The National Park Service and Preservation Maryland are proud to present the final presentations of the 2020 Harrison Goodall Fellows. The Harrison Goodall Fellowship supports innovation and professional growth in the field of historic preservation by providing a short-term opportunity for individuals to pursue a unique self-directed project under the guidance of a mentor. Each fellow received up to a $5,000 grant and was paired with a professional project mentor. The work that arose from the two inaugural fellows fulfilled the programs mission to make innovative and meaningful contributions to the field of historic preservation.

Demolition by Neglect in Arizona by chistopher cody

In addition to serving as the Deputy State Historic Preservation Officer in Phoenix, AZ, Christopher Cody seeks to tackle the most serious preservation challenge in Arizona: demolition-by-neglect. Historic structures are threatened by absent owners who do not provide the necessary maintenance to keep the property stable, thus requiring demolition. Many of these structures are within historic downtown areas. Cody’s goal was to research and develop model demolition-by-neglect ordinances for use across the state of Arizona, to produce supporting legal research for said ordinances, to identify legislative and legal barriers to their enactment, and develop a legislative advocacy plan if changes in state law are required.

Cody combined his own experience as an attorney with that of his mentor, Will Cook, an attorney with Cultural Heritage Partners, LLP and a nationally recognized expert in historic preservation law concerning demolition-by-neglect ordinances, to produce a toolkit that includes model ordinances, legal research, and a legislative action plan. This project will greatly benefit local, state, and national preservation efforts for endangered historic structures.

Read The final report

Application of Non-Destructive Technology to Document Seismic Damage on Historic Adobe by sara stratte

Sara Stratte completed her Masters of Science in Historic Preservation in 2018 and currently works as the Exhibit Specialist for Restoration at Channel Islands National Park where a 2018 earthquake caused damage to an adobe structure built in 1889. The extent of the damage to this building and other structures like it cannot be fully explored without invasive or destructive techniques. Stratte used the Smuggler’s Ranch, located on Santa Cruz Island, as a case study for non-destructive techniques to diagnose and document unseen deterioration conditions in adobe masonry.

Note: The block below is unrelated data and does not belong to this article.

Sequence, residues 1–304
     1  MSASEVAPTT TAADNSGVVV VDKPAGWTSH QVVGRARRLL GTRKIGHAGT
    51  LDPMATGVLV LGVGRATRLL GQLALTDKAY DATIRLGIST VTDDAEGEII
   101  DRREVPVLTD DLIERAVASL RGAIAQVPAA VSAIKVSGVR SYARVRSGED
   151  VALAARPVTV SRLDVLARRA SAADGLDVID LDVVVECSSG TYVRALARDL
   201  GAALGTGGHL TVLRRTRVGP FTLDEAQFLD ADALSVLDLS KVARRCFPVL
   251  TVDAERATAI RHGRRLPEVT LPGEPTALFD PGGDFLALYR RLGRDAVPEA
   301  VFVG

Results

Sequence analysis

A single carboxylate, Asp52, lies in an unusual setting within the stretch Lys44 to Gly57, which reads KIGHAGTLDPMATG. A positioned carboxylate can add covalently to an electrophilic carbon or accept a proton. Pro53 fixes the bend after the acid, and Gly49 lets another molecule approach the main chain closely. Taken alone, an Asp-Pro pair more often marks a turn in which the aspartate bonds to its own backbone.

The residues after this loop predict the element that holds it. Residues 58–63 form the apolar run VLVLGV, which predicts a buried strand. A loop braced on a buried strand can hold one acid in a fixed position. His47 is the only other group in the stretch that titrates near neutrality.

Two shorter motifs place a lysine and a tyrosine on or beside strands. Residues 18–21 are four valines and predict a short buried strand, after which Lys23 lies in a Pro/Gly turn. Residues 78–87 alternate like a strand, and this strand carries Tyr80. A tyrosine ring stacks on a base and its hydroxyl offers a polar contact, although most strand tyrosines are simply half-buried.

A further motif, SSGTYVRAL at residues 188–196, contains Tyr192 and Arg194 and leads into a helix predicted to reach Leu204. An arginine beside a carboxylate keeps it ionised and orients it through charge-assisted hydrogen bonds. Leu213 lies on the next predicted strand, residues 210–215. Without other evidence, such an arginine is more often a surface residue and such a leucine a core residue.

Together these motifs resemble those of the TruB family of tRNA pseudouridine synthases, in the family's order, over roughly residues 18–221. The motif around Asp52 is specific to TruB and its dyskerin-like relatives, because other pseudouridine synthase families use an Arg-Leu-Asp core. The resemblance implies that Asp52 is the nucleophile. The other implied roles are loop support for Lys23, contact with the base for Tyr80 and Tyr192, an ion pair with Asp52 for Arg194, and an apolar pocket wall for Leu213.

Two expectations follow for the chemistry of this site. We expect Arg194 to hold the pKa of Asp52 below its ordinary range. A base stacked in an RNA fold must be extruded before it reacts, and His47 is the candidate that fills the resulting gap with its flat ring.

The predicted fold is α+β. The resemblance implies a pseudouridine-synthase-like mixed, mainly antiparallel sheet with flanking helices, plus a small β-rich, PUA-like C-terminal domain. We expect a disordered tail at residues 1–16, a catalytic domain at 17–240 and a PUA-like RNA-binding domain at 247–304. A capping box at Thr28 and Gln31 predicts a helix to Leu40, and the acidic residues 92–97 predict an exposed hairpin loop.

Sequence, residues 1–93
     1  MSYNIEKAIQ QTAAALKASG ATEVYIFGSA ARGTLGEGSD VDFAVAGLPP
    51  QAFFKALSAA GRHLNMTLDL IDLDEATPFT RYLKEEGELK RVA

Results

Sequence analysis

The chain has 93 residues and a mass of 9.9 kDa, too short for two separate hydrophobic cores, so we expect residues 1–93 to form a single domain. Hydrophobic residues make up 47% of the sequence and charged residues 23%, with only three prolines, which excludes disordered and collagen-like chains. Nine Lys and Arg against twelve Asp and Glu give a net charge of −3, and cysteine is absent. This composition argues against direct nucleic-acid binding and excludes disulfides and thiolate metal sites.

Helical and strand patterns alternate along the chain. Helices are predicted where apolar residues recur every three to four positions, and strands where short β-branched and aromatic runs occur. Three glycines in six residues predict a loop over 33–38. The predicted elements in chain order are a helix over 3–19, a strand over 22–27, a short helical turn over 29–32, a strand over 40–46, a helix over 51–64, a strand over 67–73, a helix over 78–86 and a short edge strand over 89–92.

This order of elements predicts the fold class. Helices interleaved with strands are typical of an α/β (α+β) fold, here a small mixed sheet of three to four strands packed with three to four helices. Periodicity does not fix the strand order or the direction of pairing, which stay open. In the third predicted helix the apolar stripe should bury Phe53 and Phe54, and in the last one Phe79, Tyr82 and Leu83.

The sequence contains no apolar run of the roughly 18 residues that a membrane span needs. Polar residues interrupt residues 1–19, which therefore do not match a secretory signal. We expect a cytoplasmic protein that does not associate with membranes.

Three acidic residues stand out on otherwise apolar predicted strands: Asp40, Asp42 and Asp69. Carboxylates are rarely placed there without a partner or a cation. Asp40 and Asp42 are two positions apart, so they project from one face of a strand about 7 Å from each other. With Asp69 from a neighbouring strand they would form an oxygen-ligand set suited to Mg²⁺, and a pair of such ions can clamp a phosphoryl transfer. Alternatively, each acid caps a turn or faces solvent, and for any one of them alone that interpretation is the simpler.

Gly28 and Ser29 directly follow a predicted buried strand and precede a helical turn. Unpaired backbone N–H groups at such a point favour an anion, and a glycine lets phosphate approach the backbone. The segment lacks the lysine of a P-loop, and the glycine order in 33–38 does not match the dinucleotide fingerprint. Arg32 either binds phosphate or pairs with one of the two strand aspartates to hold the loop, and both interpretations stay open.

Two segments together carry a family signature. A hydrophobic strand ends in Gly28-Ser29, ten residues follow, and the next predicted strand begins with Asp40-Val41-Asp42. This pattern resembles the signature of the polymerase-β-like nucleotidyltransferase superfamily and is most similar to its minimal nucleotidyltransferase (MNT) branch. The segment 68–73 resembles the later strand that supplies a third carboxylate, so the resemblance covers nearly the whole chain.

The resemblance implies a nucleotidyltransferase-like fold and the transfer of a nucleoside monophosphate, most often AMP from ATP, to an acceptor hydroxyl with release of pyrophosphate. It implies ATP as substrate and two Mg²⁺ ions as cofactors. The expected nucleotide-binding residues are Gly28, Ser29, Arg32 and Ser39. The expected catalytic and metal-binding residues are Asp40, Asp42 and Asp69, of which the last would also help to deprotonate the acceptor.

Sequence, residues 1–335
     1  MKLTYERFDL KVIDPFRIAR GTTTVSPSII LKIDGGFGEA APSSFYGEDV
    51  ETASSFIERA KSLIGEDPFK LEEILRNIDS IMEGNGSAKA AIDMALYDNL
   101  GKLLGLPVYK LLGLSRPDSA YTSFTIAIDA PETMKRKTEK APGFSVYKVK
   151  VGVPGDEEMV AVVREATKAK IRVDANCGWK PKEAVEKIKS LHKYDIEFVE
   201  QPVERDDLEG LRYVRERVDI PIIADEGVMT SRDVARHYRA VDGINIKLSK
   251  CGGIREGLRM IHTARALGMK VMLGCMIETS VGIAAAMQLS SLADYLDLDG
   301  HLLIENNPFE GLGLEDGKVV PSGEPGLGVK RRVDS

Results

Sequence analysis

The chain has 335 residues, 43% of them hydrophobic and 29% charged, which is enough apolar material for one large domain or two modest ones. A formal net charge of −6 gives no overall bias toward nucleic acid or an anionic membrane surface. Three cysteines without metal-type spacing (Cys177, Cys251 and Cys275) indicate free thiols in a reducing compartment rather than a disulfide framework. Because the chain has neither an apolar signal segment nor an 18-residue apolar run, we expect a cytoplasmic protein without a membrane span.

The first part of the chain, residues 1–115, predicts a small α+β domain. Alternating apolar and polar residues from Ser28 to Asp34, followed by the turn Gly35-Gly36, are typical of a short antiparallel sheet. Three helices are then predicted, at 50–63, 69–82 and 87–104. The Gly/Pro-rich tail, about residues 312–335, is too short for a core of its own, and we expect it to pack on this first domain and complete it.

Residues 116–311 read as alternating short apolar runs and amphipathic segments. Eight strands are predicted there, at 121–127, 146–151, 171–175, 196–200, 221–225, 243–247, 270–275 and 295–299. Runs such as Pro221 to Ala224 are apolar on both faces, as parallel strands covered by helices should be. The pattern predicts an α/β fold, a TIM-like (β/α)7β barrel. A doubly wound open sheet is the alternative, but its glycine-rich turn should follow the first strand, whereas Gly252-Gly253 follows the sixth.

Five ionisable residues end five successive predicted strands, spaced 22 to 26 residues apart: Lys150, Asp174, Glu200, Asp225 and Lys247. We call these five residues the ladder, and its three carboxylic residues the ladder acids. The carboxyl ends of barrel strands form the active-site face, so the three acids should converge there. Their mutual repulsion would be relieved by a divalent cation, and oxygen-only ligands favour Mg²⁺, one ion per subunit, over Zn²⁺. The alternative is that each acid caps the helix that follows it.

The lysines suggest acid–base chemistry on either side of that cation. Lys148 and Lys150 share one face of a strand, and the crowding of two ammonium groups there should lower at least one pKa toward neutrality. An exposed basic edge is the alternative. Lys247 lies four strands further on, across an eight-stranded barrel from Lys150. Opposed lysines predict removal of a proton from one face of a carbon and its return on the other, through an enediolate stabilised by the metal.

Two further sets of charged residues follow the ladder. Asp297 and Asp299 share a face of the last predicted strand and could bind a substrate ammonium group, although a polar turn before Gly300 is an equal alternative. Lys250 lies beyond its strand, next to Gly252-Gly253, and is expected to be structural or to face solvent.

Stratte chose Michael Spencer as her mentor. Spencer is chair of the Department of Historic Preservation at the University of Mary Washington and specializes in the application on non-destructive technologies, such as infrared thermography diagnostics, to historic preservation projects. Stratte developed protocols for using infrared thermography to adoRead the final report

About The Fellowship

The Harrison Goodall Preservation Fellowship gives graduate students and enterprising professionals the opportunity to undertake a focused pursuit that makes a meaningful contribution to the field of historic preservation and support the stewardship of historic resources not only in the National Park Service but nationwide and at any level (e.g., other federal agencies, state and county parks, nonprofit history museums, etc.).

Often during the rigors of a preservation graduate program or while in professional employment, there aren’t opportunities to explore issues that can create a difference in the preservation field. The format of the fellowship program is flexible to encourage creativity and allow fellows to continue to study, work, or engage in other activities.

Inspired by a gift from Harrison Goodall and made possible by Preservation Maryland, this NPS partnership promotes innovation in the field of historic preservation by allowing outstanding preservationists to develop and conduct independent projects. Fellows not only make a contribution to the field of preservation but also grow professionally as a result of their interaction with a preservation mentor.

In the words of Harrison Goodall, “Preservation changed my life; I’d like to see it do the same for others.”

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